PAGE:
Ukraine’s Tanks Are So Good, Its Own Army Can’t Afford Them
14 September, 2017

Ukrainian officials want the country’s defense industry to produce top-of-the-line tanks for the army. But that might prove a tad pricey...

Ukraine does not yet produce Oplots for its own usage. Instead, the tanks are exported abroad. Photo credit: Volodymyr Strymkovskiy/UNIAN

File this under “Only in Ukraine.” By any measure, the country produces great tanks. Other countries pay larges sums of money to buy these tanks. But Ukraine can’t afford to provide these same tanks to its own army.

The Oplot is the top Ukrainian-produced tank, according to Ukroboronprom, the state-owned defense industry conglomerate. A single Oplot costs $4.7 million. Around 100 Ukrainian enterprises are involved in the production of these fighting vehicles. However, at the present moment, the Ukrainian army doesn’t have a single Oplot.

Now, the Ukrainian government is planning to introduce these top-shelf tanks into the army. But experts are unsure whether such an expensive move is workable, let alone necessary.

Unrealized Plans

The Oplot tank was first introduced in 2009. The Ministry of Defense planned to order ten units for the army. Then, reality struck: the authorities couldn’t find any money in the budget. Instead, the Malyshev plant, located in Kharkiv, has been producing these tanks for export to Thailand for the last six years.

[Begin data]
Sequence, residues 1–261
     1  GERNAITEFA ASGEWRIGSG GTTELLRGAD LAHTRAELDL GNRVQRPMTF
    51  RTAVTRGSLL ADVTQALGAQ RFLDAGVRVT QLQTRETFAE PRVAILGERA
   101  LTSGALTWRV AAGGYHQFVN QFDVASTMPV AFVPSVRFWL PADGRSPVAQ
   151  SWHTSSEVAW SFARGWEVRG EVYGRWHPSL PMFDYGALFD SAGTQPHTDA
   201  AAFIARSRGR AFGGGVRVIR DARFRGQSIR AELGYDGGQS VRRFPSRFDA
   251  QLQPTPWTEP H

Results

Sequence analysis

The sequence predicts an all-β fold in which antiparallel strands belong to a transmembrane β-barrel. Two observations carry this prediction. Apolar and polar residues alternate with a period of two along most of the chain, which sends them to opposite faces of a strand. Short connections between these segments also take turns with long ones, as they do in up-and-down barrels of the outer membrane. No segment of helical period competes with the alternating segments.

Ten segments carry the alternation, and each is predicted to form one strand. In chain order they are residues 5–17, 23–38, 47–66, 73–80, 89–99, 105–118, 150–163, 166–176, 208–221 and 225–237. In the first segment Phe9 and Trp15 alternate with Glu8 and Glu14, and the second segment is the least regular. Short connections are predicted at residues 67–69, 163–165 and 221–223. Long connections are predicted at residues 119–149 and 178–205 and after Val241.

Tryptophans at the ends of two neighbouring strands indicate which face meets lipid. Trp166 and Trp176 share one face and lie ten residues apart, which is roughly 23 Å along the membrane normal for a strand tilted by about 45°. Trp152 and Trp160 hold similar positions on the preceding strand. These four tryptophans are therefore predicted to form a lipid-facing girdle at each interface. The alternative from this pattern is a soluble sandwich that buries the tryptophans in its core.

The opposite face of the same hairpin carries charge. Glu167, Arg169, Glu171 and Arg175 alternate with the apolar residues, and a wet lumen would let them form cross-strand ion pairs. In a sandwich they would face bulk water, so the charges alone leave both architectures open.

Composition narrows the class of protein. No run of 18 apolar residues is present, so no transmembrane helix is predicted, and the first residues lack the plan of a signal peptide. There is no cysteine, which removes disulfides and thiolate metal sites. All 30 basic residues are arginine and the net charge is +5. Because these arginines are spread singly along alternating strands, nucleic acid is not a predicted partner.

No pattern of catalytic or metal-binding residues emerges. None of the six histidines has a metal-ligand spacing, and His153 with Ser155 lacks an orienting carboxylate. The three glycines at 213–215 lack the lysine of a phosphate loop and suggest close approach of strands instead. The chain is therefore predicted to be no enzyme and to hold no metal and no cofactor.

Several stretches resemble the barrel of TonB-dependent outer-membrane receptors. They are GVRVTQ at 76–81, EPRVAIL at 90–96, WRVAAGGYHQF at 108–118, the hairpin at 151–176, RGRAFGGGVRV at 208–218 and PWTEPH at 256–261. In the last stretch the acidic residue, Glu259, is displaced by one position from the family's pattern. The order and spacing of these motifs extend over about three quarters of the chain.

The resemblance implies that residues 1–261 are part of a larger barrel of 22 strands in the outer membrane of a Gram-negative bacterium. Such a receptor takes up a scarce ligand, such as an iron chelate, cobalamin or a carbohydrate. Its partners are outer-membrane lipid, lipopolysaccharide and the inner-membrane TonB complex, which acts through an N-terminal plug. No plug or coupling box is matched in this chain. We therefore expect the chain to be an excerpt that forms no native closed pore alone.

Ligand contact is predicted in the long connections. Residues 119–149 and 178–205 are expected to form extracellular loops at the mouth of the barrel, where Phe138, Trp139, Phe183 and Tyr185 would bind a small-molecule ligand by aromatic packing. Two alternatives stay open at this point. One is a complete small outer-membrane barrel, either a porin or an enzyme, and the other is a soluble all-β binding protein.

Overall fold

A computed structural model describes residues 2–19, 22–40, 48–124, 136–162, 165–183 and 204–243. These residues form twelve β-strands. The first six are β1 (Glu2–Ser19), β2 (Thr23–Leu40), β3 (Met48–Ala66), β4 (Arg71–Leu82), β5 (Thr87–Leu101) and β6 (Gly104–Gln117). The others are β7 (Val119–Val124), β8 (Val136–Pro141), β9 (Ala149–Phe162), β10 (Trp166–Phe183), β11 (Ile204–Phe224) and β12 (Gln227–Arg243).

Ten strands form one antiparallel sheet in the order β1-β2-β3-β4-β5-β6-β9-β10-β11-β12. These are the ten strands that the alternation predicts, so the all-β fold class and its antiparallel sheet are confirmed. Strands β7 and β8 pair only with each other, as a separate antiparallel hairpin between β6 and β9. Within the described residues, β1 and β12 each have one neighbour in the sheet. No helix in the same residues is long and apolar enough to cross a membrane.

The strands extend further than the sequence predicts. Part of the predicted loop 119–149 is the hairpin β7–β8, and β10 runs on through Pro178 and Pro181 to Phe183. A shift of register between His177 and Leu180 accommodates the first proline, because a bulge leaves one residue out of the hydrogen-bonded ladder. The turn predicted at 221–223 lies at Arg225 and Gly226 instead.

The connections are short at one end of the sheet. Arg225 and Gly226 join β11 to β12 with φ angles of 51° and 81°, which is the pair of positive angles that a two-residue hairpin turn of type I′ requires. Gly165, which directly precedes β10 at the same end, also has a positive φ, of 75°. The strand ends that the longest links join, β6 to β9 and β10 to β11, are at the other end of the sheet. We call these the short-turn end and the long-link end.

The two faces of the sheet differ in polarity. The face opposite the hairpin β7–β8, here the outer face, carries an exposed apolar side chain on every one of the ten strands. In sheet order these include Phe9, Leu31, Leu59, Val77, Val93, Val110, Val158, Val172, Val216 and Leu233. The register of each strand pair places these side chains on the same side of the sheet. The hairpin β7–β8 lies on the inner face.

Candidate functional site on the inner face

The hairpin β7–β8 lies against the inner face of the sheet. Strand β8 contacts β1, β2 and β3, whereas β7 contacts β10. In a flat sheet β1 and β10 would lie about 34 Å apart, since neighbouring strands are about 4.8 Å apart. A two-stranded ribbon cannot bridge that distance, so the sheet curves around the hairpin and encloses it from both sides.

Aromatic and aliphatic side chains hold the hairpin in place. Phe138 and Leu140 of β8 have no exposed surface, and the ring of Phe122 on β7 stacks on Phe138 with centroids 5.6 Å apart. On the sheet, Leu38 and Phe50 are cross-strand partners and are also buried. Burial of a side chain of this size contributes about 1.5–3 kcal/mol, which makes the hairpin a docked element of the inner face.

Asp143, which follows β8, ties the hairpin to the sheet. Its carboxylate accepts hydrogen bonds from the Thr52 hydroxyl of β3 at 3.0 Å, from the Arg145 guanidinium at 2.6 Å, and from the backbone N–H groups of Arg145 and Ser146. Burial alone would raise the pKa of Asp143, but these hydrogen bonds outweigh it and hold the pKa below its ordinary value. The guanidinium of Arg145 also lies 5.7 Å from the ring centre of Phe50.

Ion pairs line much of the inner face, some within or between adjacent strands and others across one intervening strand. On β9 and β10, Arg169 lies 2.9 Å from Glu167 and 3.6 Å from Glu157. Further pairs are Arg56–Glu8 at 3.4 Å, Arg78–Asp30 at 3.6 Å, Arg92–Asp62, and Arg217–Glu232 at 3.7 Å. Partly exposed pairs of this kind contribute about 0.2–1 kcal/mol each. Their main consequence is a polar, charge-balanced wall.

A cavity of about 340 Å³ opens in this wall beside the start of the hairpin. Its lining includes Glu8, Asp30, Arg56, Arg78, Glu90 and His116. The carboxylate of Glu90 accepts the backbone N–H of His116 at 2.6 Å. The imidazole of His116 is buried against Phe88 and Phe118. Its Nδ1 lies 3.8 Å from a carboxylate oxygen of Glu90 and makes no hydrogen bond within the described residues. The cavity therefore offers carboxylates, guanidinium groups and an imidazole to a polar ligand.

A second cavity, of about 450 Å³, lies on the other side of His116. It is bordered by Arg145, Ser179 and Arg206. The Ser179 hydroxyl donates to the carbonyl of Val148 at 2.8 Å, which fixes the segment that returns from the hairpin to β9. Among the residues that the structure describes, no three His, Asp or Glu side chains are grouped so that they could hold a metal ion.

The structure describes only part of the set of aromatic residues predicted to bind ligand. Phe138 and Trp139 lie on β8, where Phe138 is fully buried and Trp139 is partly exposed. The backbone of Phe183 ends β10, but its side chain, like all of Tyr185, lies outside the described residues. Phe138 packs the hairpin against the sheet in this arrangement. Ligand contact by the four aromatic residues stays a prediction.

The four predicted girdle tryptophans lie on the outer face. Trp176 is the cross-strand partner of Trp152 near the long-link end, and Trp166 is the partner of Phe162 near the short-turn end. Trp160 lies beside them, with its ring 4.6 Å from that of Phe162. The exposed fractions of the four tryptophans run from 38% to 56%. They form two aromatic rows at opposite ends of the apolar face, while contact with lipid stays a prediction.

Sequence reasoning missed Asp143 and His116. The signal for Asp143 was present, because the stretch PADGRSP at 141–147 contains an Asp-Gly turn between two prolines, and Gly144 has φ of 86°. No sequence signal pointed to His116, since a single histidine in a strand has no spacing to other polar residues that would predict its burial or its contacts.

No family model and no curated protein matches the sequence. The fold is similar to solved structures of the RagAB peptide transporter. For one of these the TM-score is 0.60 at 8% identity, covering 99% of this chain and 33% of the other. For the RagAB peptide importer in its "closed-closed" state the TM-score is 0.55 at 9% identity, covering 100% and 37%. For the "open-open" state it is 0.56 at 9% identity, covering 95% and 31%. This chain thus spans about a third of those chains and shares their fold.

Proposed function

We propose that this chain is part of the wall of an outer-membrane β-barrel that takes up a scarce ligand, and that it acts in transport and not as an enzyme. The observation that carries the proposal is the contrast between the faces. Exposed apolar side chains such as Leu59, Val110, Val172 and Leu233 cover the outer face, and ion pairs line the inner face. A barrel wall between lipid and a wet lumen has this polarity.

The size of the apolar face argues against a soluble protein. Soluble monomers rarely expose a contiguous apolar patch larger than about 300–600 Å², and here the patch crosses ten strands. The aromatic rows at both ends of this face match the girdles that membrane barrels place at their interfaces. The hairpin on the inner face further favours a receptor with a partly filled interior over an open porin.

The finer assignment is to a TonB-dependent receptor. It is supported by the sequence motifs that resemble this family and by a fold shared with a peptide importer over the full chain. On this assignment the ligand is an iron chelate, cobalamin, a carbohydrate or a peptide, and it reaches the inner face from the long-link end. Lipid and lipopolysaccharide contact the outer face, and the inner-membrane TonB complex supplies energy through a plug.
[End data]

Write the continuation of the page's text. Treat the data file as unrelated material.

In June, Oleksandr Turchynov, Secretary of the National Security and Defense Council, visited the Malyshev plant. “We are already planning on fully equipping a squadron with ten Oplot tanks next year,” he stated after the visit. 

Oplot offers a clear advantage over other models. Its powerful engine gives it more speed than other tanks. It also has better armor and a modern weapons management system. This makes Oplot preferable to other modernized tanks that Ukraine inherited from the Soviet Union. But it also makes Oplot very expensive. 

For this reason, officials only returned to the question of equipping the Ukrainian Army with Oplot tanks in 2014, after Russia annexed the Crimean peninsula and war erupted in Ukraine’s eastern Donbas region.

Oplot construction at Kharkiv's "Malyshev Plant," a state enterprise. Photo credit: Anastasia Kanareva